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Cal Berkeley theatre class will explore ‘Indigeneity and Whiteness’

A theatre class at Cal Berkeley will help students understand how white supremacy has been advanced through the use of plays and acting.

“For the purposes of this class, I am interested in collaborating with my students to trace the ways in which the structures of colonial, American white supremacy often rely on theatrical fantasies of Indigeneity,” instructor Max Abner told The College Fix via email about his course “Performance: Writing and Research Indigeneity and Whiteness.”

“The texts we are working with are also meant to make us question strict identity terms and investigate those places where various identities bleed together or falter, (here I am specifically thinking of white males who perform Indigeneity to invent a unique and violent kind of American-ness).” Abner said. He said he does not have “a strict definition of whiteness.”

The course instructor’s background is in Indigenous studies and performance studies. He has an undergraduate degree in Performance Studies from Northwestern University and is current in graduate school.

“Max’s work lies at the intersection of Indigenous studies, thing theory, and literary Frontier studies,” according to his bio. His research draws on “aesthetic theory, theories of Ideology, and the posthumanities” with the goal of understanding how their limits and “role in the construction and contestation of Colonial and Indigenous identities as well as postmodern-Anthropocene concepts of the wild, the frontier, and the country.”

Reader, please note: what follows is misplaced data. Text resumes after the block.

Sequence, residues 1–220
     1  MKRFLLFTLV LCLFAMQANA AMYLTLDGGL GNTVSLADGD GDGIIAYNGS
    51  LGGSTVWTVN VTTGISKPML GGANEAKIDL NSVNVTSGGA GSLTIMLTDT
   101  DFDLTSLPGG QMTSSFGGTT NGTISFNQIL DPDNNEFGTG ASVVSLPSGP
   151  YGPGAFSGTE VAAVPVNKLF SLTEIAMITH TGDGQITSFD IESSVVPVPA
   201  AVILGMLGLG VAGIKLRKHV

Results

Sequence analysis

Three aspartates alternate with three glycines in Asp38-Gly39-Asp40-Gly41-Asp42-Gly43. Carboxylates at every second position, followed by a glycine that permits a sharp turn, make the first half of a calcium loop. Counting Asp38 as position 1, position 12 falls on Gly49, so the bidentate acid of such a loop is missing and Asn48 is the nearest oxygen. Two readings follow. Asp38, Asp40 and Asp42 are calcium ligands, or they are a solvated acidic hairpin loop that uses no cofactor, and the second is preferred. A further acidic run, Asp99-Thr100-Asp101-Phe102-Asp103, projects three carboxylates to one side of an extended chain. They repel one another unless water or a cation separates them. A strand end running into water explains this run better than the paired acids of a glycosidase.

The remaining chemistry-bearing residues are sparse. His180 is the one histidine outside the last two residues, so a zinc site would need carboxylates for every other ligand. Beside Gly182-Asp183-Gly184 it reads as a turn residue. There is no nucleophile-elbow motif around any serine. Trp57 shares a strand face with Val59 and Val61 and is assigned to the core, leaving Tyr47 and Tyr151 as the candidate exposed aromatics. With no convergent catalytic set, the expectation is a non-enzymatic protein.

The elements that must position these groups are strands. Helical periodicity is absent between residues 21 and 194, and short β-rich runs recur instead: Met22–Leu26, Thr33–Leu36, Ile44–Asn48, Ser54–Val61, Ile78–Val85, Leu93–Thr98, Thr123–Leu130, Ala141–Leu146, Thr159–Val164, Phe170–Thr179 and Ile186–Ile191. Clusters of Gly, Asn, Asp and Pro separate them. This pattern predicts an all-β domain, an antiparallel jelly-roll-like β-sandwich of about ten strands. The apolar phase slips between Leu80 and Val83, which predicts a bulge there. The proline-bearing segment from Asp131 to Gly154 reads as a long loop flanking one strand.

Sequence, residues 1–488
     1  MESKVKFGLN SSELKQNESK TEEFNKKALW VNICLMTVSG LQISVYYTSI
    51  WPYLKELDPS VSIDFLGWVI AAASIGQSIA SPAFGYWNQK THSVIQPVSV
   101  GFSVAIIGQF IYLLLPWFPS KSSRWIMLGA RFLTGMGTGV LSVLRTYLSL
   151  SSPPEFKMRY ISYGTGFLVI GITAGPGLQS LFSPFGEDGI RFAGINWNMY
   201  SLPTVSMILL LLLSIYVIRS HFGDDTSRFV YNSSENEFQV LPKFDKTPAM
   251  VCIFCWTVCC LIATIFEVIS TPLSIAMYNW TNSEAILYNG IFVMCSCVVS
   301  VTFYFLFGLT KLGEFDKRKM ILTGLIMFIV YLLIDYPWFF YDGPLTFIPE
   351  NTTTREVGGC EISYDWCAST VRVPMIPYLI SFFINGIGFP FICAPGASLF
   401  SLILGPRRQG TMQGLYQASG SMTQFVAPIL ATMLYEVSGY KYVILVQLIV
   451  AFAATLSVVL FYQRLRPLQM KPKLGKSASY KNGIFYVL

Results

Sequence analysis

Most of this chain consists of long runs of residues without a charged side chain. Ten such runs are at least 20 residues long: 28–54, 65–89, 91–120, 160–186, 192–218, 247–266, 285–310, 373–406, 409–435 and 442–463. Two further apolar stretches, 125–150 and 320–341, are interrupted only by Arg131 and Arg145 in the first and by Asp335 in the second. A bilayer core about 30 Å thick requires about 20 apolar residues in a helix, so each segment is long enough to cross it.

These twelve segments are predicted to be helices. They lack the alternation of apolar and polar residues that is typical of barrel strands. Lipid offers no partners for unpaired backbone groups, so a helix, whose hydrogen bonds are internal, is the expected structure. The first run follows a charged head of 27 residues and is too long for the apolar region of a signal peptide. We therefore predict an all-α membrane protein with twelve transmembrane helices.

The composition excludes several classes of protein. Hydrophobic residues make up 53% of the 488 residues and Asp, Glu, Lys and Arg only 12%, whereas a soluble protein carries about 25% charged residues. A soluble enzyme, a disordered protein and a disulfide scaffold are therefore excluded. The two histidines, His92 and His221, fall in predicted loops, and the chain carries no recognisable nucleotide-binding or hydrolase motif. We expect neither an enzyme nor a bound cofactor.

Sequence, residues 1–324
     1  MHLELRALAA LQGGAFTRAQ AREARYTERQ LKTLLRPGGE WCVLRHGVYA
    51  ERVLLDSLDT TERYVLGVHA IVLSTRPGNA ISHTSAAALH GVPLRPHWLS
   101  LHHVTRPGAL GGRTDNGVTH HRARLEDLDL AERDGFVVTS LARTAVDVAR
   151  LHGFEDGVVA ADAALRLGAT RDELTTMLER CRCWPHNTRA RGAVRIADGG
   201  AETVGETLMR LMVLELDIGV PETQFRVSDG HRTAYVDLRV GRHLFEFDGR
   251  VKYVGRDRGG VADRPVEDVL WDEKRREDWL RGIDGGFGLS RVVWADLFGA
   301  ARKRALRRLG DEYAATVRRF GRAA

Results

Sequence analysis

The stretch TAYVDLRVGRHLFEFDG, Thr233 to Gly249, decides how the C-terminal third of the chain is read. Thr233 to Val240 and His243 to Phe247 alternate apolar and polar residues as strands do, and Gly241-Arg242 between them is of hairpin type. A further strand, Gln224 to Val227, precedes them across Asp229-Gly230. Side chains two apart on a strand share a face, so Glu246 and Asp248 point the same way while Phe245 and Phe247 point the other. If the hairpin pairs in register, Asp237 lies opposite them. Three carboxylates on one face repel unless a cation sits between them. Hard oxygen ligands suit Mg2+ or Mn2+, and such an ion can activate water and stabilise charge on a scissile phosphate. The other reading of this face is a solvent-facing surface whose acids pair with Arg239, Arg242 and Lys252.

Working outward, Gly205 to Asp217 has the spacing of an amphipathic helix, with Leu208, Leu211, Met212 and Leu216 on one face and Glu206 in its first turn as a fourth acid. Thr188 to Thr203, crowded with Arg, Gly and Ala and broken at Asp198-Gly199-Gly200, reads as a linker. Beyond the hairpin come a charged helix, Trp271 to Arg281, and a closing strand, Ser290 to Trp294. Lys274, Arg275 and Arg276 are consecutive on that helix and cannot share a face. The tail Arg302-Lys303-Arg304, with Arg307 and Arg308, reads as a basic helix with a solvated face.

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His background informs his learning goals for the class.

“It is my hope that by the end of the class, the students will recognize the fact that as long as they absorb the world around them (texts, art objects, etc.) and are reflective about their feelings about the world, they will have plenty to write about,” Abner said. “Moreover, I hope that the students leave the class with the belief that the writings that they read and the writings that they produce have a hand in shaping our perceptions of the world and ourselves.”

Students in the course will utilize “critical tools from the fields of performance studies” and “Indigenous critical theory,” according to the description.

Calls America a ‘colonialist’ project

While the course includes a standard mix of reading, discussion and essays, students need to understand the basis of America, according to Abner’s description.

“The colonial, Imperialist project that is ‘America’ has historically developed itself out of the drama of ‘Cowboys and Indians’—or, less euphemistically, Indigeneity and Whiteness,” the course overview explained.

Students will learn how to engage with texts and enter into “dialogue” with them, in a way that will help reduce their fear of writing.

“I suggest that by focusing on dialogue we might ease our apprehensions, and the concept of dialogue could shift our understanding of writing from one of isolated production to one of engaged response,” the course overview said. “We need not create something out of nothing when we write; we only need to begin talking back to the readings that we have critically engaged.”

“Dialogue is not only the space in which various parties meet and vie for power,” the description said, “it is also the space in which culture shifts.”

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IMAGE: Kyle Head / Unsplash

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About the Author
Esther Wermer -- Boyce College